Jerzy Jarnuszkiewicz


Untitled / Forma viva 1964

steel plates / 180 x 550 x 180 cm / Čečovje Neighbourhood, Ravne
Through an interplay of concavely and convexly curved surfaces, the pure, perfectly structured statue explores the negative and the positive sculptural space delimited by monumental, geometrically simplified forms. The sculpture belongs to the second, studiously conceived pole of the author’s creativity, for prior to this work the majority of his creations were distinguished by vehement, expressively conceived figuration. The horizontally elaborated statue is distinguished by inner balance and imaginative compositional compactness, for even the supporting skeleton of rod holders does not diminish its aesthetic roundedness.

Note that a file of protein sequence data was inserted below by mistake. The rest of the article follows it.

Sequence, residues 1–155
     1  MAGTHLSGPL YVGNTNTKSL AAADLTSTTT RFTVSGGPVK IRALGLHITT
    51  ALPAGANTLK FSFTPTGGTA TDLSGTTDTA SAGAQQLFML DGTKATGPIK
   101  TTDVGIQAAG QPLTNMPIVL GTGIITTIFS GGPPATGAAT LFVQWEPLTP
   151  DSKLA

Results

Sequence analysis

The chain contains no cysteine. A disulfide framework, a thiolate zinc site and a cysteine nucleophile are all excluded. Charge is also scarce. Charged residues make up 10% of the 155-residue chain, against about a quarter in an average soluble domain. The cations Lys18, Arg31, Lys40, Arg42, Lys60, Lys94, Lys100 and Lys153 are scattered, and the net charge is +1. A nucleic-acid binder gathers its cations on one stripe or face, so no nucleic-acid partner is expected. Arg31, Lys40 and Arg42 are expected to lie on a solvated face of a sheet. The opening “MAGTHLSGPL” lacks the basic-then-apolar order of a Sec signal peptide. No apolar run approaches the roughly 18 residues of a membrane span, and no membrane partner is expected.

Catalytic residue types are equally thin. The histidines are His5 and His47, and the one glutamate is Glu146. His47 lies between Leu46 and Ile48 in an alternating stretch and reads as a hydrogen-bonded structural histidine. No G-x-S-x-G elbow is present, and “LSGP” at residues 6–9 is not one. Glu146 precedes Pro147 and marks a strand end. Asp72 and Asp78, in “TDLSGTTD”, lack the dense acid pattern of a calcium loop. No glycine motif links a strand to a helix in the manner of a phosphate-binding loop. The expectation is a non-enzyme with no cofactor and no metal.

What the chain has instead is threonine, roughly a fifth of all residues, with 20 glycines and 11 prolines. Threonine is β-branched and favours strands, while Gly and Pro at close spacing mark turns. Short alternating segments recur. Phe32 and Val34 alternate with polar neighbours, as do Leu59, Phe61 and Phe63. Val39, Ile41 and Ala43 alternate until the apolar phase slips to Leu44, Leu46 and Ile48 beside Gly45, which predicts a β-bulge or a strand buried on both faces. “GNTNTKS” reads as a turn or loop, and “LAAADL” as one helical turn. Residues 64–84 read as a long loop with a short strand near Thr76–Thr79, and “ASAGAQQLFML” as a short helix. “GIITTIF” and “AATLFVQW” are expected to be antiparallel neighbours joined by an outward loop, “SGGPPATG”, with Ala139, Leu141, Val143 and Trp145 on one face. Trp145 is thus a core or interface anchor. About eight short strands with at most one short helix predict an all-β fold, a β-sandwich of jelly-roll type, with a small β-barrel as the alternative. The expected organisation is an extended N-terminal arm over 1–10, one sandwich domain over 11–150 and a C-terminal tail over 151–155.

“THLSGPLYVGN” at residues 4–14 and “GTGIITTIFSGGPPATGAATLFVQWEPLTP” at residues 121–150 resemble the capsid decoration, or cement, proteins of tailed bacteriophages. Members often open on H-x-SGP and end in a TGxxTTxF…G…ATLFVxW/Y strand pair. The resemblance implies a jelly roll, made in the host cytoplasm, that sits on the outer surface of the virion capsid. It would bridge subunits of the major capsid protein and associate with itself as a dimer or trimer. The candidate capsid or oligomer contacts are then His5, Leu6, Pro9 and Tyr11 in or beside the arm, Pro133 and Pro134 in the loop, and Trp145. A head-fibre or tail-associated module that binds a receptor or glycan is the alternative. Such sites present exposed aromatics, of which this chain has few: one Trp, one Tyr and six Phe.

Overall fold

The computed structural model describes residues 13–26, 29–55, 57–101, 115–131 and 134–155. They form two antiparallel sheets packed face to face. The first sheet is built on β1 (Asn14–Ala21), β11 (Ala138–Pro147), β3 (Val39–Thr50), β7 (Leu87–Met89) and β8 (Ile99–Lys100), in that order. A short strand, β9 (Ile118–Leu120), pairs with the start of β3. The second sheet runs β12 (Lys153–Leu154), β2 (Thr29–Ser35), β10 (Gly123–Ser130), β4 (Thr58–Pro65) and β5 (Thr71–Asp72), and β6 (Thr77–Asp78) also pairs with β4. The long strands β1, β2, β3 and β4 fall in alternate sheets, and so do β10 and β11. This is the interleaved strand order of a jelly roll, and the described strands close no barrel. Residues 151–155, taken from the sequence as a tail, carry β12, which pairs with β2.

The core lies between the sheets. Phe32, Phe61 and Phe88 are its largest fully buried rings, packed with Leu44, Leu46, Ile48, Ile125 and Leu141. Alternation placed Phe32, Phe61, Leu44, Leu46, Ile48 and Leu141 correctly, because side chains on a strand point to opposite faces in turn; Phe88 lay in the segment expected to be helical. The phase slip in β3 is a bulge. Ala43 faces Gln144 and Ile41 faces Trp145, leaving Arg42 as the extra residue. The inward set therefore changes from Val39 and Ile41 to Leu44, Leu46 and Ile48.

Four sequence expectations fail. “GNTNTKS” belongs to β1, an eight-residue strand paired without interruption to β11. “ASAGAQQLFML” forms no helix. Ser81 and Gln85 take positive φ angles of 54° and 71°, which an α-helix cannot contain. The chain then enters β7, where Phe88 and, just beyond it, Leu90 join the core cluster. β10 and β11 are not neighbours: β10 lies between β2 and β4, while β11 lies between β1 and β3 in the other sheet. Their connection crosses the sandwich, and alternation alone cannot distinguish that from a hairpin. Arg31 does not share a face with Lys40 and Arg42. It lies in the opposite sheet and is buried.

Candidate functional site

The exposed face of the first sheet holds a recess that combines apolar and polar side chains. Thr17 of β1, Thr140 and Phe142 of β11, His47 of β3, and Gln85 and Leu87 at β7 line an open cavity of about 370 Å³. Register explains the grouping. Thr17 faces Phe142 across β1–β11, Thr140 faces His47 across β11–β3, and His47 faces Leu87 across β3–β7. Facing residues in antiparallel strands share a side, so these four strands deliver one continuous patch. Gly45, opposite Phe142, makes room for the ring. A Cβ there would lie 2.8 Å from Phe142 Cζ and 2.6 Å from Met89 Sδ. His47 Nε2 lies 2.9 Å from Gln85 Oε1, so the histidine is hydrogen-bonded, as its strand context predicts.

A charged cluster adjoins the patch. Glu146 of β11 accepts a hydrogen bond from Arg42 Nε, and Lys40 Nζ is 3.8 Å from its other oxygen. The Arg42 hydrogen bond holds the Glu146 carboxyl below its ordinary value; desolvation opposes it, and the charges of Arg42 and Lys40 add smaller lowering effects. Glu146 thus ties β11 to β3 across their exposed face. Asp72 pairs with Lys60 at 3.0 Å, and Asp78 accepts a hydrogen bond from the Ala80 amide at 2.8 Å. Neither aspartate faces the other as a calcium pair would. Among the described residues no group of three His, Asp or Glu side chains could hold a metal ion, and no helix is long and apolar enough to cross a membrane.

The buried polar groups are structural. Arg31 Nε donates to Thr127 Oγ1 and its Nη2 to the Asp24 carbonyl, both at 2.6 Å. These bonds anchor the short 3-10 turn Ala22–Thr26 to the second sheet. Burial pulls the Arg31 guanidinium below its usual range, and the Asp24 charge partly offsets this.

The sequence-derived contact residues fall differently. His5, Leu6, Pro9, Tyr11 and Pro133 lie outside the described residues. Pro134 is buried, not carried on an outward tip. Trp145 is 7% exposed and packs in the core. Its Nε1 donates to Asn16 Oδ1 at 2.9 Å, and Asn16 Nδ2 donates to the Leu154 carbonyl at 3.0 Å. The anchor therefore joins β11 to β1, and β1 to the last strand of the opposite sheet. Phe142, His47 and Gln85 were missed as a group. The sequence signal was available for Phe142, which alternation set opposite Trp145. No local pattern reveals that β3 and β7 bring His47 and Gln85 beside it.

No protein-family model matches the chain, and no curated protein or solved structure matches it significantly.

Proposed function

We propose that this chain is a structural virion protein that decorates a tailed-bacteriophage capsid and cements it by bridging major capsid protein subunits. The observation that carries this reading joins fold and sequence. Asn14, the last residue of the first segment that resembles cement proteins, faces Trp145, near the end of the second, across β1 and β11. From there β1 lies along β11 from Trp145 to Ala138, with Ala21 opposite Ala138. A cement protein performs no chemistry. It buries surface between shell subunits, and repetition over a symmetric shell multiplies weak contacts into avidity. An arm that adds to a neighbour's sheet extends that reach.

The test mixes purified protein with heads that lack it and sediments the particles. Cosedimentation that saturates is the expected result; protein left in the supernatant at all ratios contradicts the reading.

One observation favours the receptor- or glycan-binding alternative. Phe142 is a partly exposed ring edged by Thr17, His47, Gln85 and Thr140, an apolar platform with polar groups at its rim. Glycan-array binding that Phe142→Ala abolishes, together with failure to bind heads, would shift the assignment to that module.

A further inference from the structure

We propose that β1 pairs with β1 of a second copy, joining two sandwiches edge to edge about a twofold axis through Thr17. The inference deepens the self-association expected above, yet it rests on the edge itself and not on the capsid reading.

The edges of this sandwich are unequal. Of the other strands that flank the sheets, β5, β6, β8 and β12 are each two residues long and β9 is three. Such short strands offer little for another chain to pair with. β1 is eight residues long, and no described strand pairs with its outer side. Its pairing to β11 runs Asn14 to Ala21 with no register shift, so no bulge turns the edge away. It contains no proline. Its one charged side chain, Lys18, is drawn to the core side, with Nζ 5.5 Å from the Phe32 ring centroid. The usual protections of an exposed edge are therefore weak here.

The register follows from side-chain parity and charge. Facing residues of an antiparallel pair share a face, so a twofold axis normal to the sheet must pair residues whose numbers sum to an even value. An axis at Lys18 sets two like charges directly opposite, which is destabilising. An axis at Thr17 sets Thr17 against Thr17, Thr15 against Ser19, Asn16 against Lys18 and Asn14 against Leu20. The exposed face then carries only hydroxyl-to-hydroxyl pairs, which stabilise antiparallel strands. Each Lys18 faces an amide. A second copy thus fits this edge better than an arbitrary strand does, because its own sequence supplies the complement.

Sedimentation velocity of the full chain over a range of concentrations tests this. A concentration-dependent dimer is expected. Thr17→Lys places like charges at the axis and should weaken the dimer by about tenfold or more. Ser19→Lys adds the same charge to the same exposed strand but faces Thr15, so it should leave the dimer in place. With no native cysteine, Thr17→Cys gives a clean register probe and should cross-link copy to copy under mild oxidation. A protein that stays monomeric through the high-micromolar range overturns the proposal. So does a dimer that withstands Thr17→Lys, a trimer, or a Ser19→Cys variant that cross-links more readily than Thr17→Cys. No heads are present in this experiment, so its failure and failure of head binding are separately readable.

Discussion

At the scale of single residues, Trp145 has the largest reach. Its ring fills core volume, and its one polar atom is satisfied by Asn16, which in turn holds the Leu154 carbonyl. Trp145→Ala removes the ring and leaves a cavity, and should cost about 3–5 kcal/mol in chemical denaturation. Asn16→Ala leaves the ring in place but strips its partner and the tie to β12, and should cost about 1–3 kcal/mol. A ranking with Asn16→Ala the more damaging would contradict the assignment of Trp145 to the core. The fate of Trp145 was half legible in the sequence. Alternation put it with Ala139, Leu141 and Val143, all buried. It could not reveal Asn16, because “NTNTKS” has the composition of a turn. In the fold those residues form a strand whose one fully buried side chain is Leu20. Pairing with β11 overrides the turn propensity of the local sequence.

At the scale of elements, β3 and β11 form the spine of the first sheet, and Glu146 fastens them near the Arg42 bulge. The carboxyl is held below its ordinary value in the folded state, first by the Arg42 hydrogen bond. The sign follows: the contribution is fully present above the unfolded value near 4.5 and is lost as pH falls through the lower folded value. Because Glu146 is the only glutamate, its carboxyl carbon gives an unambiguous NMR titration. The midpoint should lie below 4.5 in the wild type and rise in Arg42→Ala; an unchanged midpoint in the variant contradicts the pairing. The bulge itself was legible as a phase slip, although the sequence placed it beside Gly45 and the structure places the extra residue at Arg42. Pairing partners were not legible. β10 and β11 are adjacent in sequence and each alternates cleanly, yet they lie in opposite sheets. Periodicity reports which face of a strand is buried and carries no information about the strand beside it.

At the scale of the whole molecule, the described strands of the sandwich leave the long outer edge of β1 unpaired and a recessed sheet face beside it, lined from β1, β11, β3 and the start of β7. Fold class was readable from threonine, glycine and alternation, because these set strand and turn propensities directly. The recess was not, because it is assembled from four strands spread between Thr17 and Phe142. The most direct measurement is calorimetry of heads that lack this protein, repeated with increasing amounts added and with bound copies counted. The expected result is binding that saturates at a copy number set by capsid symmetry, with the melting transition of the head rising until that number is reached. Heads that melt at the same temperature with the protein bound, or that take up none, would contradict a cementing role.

Jerzy Jarnuszkiewicz was born on 27 February, 1919, in Kalisz, Poland. From 1936 to 1938, he studied at the Institute of Fine Arts in Krakow under the supervision of Prof Francis Kalfas and Prof Charles Homalacs. In 1939, he graduated from the Municipal School of Decorative Arts in Warsaw. From 1947 to 1950, he studied sculpture at the Academy of Fine Arts in Warsaw under the supervision of Prof Tadeusz Breyer and Prof Francis Strynkiewicz. Already as a student he received several exhibition awards and sculpture competition prizes. He was a member of an art collective that received an award in the international competition for the Auschwitz memorial. From 1950 onwards he worked at the Academy of Fine Arts in Warsaw, at first as a senior lecturer, from 1956 onwards as Associate Professor, and from 1980 to 1985 as Full Professor, who has left a strong impression on the development of contemporary Polish sculpture. He authored numerous public sculptures (in Warsaw, Lublin, Kalisz) and several architectural monuments, and he was an excellent designer of medals and the author of numerous coined monies. Broader social changes are echoed in his work, for he moved from early projects, which deal with the reconstruction of the state, to contemporary forms of expression and geometrical sculptures in the 1970s and 1980s, while in his latest period, he mainly designed collective statues of piety. He is also the author of the monumental memorials to John Paul II and the cardinal Stefan Wyszynski. He died on 14 July, 2005, in Warsaw.

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